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Characterization of Drought Hydraulic Strategies of Neotropical Lowland Forests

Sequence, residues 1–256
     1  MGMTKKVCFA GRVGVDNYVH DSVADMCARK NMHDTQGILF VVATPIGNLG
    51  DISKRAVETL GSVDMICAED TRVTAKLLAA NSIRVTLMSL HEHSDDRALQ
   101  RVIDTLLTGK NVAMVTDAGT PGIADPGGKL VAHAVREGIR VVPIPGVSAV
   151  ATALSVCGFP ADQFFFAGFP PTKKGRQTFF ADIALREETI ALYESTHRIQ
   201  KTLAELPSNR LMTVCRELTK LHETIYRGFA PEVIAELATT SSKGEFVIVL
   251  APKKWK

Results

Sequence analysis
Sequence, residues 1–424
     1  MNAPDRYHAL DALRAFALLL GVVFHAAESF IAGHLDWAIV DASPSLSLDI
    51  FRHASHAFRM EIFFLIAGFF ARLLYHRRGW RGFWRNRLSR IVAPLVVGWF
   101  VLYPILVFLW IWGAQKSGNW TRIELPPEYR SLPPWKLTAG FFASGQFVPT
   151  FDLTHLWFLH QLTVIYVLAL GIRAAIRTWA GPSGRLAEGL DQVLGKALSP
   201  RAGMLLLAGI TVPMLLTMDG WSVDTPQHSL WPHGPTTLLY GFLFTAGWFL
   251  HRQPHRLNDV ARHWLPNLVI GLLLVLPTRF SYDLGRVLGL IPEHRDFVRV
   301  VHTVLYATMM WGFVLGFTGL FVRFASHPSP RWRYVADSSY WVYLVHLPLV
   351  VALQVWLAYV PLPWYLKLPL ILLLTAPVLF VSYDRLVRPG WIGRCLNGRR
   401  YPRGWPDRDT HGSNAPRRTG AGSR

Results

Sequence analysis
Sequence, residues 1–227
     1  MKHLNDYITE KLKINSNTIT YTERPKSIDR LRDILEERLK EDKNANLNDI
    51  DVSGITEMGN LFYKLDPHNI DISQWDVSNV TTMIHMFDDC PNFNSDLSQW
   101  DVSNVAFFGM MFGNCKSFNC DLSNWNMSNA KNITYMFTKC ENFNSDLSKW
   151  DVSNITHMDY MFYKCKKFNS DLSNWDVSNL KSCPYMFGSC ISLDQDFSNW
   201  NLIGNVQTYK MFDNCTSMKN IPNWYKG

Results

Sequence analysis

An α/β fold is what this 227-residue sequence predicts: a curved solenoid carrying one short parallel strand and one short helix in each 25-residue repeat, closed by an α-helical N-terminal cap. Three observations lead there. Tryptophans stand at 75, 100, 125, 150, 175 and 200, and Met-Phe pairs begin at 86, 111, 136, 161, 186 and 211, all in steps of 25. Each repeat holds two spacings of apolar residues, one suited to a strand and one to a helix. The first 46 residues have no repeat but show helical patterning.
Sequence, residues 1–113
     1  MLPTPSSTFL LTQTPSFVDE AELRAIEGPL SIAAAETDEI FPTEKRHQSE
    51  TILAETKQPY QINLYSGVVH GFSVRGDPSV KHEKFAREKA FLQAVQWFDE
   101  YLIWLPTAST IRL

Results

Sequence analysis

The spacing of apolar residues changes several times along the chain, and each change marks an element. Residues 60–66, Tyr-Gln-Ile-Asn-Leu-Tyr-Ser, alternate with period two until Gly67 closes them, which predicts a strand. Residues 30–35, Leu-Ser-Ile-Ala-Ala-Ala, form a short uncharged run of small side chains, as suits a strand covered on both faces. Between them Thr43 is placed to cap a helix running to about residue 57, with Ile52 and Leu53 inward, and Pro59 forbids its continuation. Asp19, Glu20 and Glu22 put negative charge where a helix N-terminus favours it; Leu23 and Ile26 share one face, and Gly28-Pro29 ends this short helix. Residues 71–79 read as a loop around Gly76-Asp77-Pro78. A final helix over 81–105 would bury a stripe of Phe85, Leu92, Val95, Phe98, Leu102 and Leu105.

The struggles of Angiosperms to deal with the challenges of the vertical ascent of sap have lead to diverse evolutionarily stable strategies that we see today. The strategies of hydraulic transport are multifaceted and coordinated among organs that are highly attuned to the environment, which promotes effective resource acquisition and utilization. In light of the climate changes in the Anthropocene, the plant hydraulic strategies will dictate which plants will tolerate drought and which plants will succumb to drought and ultimately to mortality. A framework to explain plant mortality has been recently proposed where a trade-off exists between plants that utilize profligate hydraulic strategies but are vulnerable to hydraulic failure and plants that utilize conservative hydraulic strategies but are vulnerable to carbon starvation. Currently, the physiological traits that are used in modeling of plant mortality are lacking and such traits are important because they allow greater predictive power in modeling future tropical forest composition and dynamics. The goal of the dissertation is to characterize the hydraulic physiological traits that underpin plant drought response strategies by utilizing plant hydraulic research methods that describe hydraulic architecture and capacities in transport, storage and resistance to dysfunction (i.e. cavitation resistance). Furthermore, the traits are used in conjunction with other techniques that describes how carbon and nutrient dynamics are influenced such as gas exchange and stable isotopes. This dissertation has lead to providing mechanistic evidence for the observed increase in liana abundance in tropical forests, to proposing a novel drought response trait in the form vessel occlusion and its relationship to hydraulic and anatomical traits, and to the application of what we learned in natural systems to assess physiological performance of avocado varieties.

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